Having too much body fat can increase the risk of serious health problems, like cardiovascular disease, stroke, Type 2 diabetes and breast cancer, according to MayoClinic.com. Increased endurance, aerobic fitness and strength helps with body fat reduction. Engaging in regular aerobic and strength-training exercises along with a reduction in your caloric intake will help you burn fat.
Develop a healthy eating plan. The Dietary Guidelines for Americans 2010 recommends consuming more fruits, vegetables, whole grains and low-fat milk products. In addition, include lean meats, poultry and fish while avoiding foods that are high in saturated fats, trans fats, cholesterol, sodium and added sugars.
Reduce your caloric intake. To reduce body fat you need to create a calorie deficit, which means you need to eat fewer calories than you burn. This action will force your body to pull from its fat storage cells for energy and you will lose body fat. A pound of body fat equates to approximately 3,500 calories. So if your goal is to lose 1 to 2 pounds per week, you'll need to reduce your caloric intake by 500 to 1,000 calories per day.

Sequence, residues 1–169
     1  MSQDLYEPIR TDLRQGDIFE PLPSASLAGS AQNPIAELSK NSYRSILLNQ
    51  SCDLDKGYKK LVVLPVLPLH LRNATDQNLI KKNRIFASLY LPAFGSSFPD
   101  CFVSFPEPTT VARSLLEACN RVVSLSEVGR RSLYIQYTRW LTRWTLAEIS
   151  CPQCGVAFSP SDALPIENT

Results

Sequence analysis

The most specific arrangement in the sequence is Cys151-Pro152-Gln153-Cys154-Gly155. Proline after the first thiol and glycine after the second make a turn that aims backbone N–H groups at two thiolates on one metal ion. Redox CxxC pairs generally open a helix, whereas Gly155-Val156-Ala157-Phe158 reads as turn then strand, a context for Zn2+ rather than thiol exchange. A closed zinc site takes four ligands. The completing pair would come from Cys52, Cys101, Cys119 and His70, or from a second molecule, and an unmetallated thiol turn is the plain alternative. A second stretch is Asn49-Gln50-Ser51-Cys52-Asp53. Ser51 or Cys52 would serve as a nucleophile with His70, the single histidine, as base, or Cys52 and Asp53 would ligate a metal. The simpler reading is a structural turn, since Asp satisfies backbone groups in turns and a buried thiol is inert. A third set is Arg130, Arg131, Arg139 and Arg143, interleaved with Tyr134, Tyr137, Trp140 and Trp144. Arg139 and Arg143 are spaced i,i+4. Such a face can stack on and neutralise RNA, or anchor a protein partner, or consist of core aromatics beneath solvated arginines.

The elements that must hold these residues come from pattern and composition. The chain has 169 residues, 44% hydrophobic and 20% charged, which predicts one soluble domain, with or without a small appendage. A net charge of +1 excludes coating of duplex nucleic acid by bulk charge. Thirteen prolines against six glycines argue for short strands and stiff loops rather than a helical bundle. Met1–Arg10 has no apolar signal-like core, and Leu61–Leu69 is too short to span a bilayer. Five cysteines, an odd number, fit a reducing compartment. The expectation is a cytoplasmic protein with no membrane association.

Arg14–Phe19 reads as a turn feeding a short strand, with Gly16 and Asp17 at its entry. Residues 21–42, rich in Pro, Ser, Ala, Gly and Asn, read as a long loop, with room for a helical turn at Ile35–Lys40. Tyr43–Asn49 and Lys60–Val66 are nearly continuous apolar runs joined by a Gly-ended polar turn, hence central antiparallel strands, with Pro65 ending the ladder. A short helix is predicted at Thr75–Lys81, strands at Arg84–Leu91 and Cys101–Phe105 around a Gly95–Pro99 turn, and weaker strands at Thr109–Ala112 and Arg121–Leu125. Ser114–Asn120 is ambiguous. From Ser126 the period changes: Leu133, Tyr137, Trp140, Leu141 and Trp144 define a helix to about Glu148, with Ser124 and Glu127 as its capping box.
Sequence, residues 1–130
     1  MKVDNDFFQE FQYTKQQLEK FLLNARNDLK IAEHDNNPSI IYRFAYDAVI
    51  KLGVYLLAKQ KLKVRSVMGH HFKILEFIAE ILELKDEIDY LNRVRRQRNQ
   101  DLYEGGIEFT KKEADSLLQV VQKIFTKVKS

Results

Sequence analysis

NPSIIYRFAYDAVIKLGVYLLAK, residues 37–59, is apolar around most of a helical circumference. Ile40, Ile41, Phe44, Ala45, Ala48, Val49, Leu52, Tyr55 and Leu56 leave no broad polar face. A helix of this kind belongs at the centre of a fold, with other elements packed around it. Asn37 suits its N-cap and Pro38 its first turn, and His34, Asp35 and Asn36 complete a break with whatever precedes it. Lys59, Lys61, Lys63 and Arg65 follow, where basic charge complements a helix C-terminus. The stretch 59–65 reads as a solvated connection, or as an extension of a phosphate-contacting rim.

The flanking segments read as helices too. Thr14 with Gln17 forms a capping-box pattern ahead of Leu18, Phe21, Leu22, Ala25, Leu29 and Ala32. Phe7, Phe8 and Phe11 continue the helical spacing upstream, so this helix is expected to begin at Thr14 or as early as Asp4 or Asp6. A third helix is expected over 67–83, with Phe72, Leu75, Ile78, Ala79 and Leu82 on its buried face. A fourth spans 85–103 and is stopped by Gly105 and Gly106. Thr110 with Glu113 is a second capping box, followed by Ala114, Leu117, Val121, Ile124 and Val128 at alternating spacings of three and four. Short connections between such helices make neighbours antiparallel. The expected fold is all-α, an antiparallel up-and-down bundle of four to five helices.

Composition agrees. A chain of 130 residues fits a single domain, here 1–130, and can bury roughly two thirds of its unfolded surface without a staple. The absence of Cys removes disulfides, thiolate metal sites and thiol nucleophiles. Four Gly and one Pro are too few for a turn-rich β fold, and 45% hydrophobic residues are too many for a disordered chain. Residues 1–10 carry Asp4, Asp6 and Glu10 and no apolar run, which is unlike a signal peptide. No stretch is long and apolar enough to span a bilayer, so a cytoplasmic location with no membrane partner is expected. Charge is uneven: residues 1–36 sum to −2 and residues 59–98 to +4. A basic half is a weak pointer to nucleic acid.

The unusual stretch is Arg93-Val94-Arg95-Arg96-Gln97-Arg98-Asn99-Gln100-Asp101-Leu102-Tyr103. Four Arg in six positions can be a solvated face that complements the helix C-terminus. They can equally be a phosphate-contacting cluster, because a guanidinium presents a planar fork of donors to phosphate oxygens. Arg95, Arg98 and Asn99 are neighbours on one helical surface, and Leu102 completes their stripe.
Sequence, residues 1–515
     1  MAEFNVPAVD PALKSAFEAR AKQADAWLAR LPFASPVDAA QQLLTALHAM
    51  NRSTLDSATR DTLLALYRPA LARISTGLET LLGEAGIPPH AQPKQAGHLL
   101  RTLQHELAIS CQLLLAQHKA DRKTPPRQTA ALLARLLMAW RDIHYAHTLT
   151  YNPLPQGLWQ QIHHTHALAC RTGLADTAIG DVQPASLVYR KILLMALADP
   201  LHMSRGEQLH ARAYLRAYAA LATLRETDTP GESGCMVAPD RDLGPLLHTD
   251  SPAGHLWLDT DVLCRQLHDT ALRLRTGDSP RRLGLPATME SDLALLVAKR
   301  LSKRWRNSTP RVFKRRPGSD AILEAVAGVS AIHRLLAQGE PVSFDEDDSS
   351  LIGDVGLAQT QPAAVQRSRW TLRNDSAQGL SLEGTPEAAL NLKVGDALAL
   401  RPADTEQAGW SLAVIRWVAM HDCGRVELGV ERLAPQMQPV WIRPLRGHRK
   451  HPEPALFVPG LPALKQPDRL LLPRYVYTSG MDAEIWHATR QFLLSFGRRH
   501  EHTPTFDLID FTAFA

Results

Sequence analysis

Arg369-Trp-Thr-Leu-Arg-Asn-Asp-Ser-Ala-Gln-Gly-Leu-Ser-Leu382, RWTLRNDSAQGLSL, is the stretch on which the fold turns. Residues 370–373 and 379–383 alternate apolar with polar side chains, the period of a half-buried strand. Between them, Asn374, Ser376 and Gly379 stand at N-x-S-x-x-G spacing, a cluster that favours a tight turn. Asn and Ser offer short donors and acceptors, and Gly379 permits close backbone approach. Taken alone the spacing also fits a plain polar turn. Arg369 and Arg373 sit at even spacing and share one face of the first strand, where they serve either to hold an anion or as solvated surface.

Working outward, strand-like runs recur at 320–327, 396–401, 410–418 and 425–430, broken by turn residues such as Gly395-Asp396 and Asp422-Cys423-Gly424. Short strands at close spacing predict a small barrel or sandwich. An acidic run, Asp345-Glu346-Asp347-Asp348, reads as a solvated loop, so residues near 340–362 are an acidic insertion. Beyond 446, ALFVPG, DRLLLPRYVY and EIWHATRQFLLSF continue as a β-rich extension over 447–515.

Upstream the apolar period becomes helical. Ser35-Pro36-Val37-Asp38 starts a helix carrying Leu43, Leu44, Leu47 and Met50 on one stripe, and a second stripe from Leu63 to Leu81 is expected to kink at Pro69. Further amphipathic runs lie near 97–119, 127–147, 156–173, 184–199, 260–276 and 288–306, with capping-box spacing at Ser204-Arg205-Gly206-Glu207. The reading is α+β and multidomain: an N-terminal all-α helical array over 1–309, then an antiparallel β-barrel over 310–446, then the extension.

Engage in regular aerobic exercise. To reduce body fat and increase your endurance you should engage in moderate-intensity prolonged aerobic exercise for at least 30 minutes a day. You will lose fat faster with aerobics because after a short period of time your body starts burning fat for energy. Aerobic exercises, like brisk walking, running, jogging and biking, are particularly helpful in fat reduction and increased endurance.
Participate in regular strength training. Strength training is essential to reducing body fat. Engaging in regular strength-training exercises increases your muscle endurance, which allows you to perform physical activity longer. It also builds lean muscle mass, which burns more calories and causes a reduction in body fat. Aim for two or more sessions of strength training each week, working all the major muscle groups.
- U.S. Department of Health and Human Services and the U.S. Department of Agriculture: Dietary Guidelines for Americans 2010
- Centers for Disease Control and Prevention: Healthy Weight
- Centers for Disease Control and Prevention: How Much Physical Activity Do Adults Need?
- MayoClinic.com: Belly Fat in Women: Taking and Keeping It Off
- MayoClinic.com: Strength Training
- MayoClinic.com: Exercise for Weight Loss
Donna Ricketts is a public health educator based in Oakland. She holds a master’s degree in public health from San Francisco State University, as well as a bachelor's degree in exercise, nutrition and wellness from California State University, East Bay.